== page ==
By Debbie Emery - Radar Reporter
Timothy Treadwell's unbreakable bond with animals and reckless regard for his own safety led to the creation of some of the most spectacular footage of bears the world has ever seen – and ultimately led to his violent death at age 46.
Friday marks the ninth anniversary of when the wildlife preservationist and documentary filmmaker was killed by one of his subjects on October 5, 2003, and in remembrance RadarOnline.com is celebrating the life of the grizzly bears' best friend.
Born in Long Island, New York far away from the majestic tundras of Alaska where he would meet his grisly demise, Treadwell went on to suffer from serious drug and alcohol problems and had several brushes with the law while living in California as an aspiring actor and bartender.
Tim's downward spiral was reportedly sparked by his devastation at missing out on the role of Woody Boyd in Cheers to Woody Harrelson, and the disappointment and shock led him first to the bottle and later to the wilderness.
To battle his demons, Treadwell made the long trip to Alaska where he camped in the McNeil River State Game Sanctuary in 1989. He was blown away by the magnitude of the natural environment and by 1992 was spending every summer up there living among the bears as they gathered for salmon runs in the Katmai National Park and Reserve, while he frantically chronicled their every move in his now fabled diary.
"Wow! Wow! Wow! One of the most exciting days in my life at the Maze's Back Creek. Popping over the Secret Trail — from camp to the Back Creek Mt. Overlook — I could see several bears = Freckles still ruling, holding up the main area of the Back Creek, then a bear that looked like Downey, two that looked like Emmy and Baby Letterman," wrote Tim in July 2003, in what is a typical enthusiastic entry from the amateur wildlife watcher.
Having forged a close trust with the deadly giant beasts - to the extreme where some even reportedly let him play with their cubs - and naming the ones he saw returning each summer, Treadwell's inside access and manic energy sparked the 1999 Discovery Channel special Grizzly Diaries, which launched him from obscurity to national folklore.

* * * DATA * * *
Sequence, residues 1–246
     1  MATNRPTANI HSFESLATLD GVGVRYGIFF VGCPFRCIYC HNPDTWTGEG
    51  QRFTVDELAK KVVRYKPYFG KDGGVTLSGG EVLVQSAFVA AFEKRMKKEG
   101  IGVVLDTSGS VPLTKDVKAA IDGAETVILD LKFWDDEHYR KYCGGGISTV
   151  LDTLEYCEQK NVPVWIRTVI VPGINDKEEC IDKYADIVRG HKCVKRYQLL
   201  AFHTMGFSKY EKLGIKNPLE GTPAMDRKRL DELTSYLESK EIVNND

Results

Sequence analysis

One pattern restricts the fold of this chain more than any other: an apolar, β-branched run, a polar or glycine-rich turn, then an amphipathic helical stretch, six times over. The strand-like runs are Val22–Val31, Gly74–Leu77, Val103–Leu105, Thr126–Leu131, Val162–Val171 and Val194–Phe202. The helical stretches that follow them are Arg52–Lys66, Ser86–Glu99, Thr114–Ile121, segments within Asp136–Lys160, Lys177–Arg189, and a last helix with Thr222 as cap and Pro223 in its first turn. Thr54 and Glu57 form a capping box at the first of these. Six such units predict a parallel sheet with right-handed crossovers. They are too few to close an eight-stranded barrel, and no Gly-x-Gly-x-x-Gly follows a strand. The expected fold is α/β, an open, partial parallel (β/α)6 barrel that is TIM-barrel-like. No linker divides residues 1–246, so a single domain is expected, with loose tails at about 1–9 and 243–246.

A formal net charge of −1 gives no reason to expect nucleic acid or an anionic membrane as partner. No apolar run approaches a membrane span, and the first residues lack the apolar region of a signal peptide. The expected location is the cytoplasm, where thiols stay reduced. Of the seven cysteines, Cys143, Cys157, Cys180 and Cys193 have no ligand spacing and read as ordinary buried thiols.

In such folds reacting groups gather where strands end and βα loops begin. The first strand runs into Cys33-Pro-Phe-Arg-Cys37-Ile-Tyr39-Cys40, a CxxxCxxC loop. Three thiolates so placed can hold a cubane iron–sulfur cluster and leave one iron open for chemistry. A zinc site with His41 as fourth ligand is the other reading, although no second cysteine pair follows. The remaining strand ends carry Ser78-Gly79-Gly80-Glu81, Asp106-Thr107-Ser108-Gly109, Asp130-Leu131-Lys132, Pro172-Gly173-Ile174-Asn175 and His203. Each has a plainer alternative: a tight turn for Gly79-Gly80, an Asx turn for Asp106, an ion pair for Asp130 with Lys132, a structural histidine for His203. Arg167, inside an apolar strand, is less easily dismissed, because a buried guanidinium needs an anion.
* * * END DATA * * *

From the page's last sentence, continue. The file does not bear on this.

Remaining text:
Treadwell's extreme sports persona and surfer dude speech won over even the bears and local foxes as he cooed over them affectionately. "Oh hi! Hiya! Oh he's a big bear! He's a surly bear!" he gushed as they loped up to him.
The animal lover's antics led to a tour across America to educate school children about bears, along with appearances on The Late Show With David Letterman, Dateline NBC, and the publication of of the book Among Grizzlies: Living with Wild Bears in Alaska, with co-author and ex-girlfriend Jewel Palovak.
The pair also founded Grizzly People, a grassroots organization devoted to protecting bears and preserving their wilderness habitat, which still continues its mission to elevate the grizzly to the "kindred state of whales and dolphins."
Despite his heart-felt intentions, Treadwell didn't win any friends with the park rangers, who often cited him for violating safety rules such as not moving his camp every seven days, storing food in his tent and refusing to carry bear spray as a deterrent.
On the day that his loved ones always feared, Tim was visiting Katmai with his girlfriend and physician's assistant Amie Huguenard and the couple camped near a salmon stream where hungry grizzlies hunted for food in the sparse fall weather to fatten up for winter.
Because it was late in the season, Tim had encountered bears he was not familiar with including one that he was unsure about that may have been his killer.
On October 6, Kodiak air taxi pilot, Willy Fulton, arrived at the camp to pick up the pair but instead discovered an abandoned camp and a lone bear. He alerted park rangers who found Tim and Amie's mangled remains.
Treadwell's disfigured head, partial spine, and right forearm and hand, with his wrist watch still on, were recovered a short distance from the camp, while his girlfriend was left next to the torn and collapsed tents, partially buried in a mound of twigs and dirt. A large male grizzly was shot dead after it was spotted guarding the camp, and human remains were found in its stomach.
A video camera found at the scene contained no visual footage but had audio recorded six minutes of agonizing screams as Tim was ravaged by a bear, while Huguenard attempted to fight it off. The tape culminated with the sounds of Treadwell being carried into the forest and Amie's agony at being left alone to die.
Tim's life work and his gory death were immortalized in Werner Herzog's 2005 documentary, Grizzly Man, which used footage from his personal video camera and much of his own words. Fortunately, the filmmaker saved viewers from the spine-chilling death screams, and the tape remains in the possession of Jewel Palovak in a safe deposit box.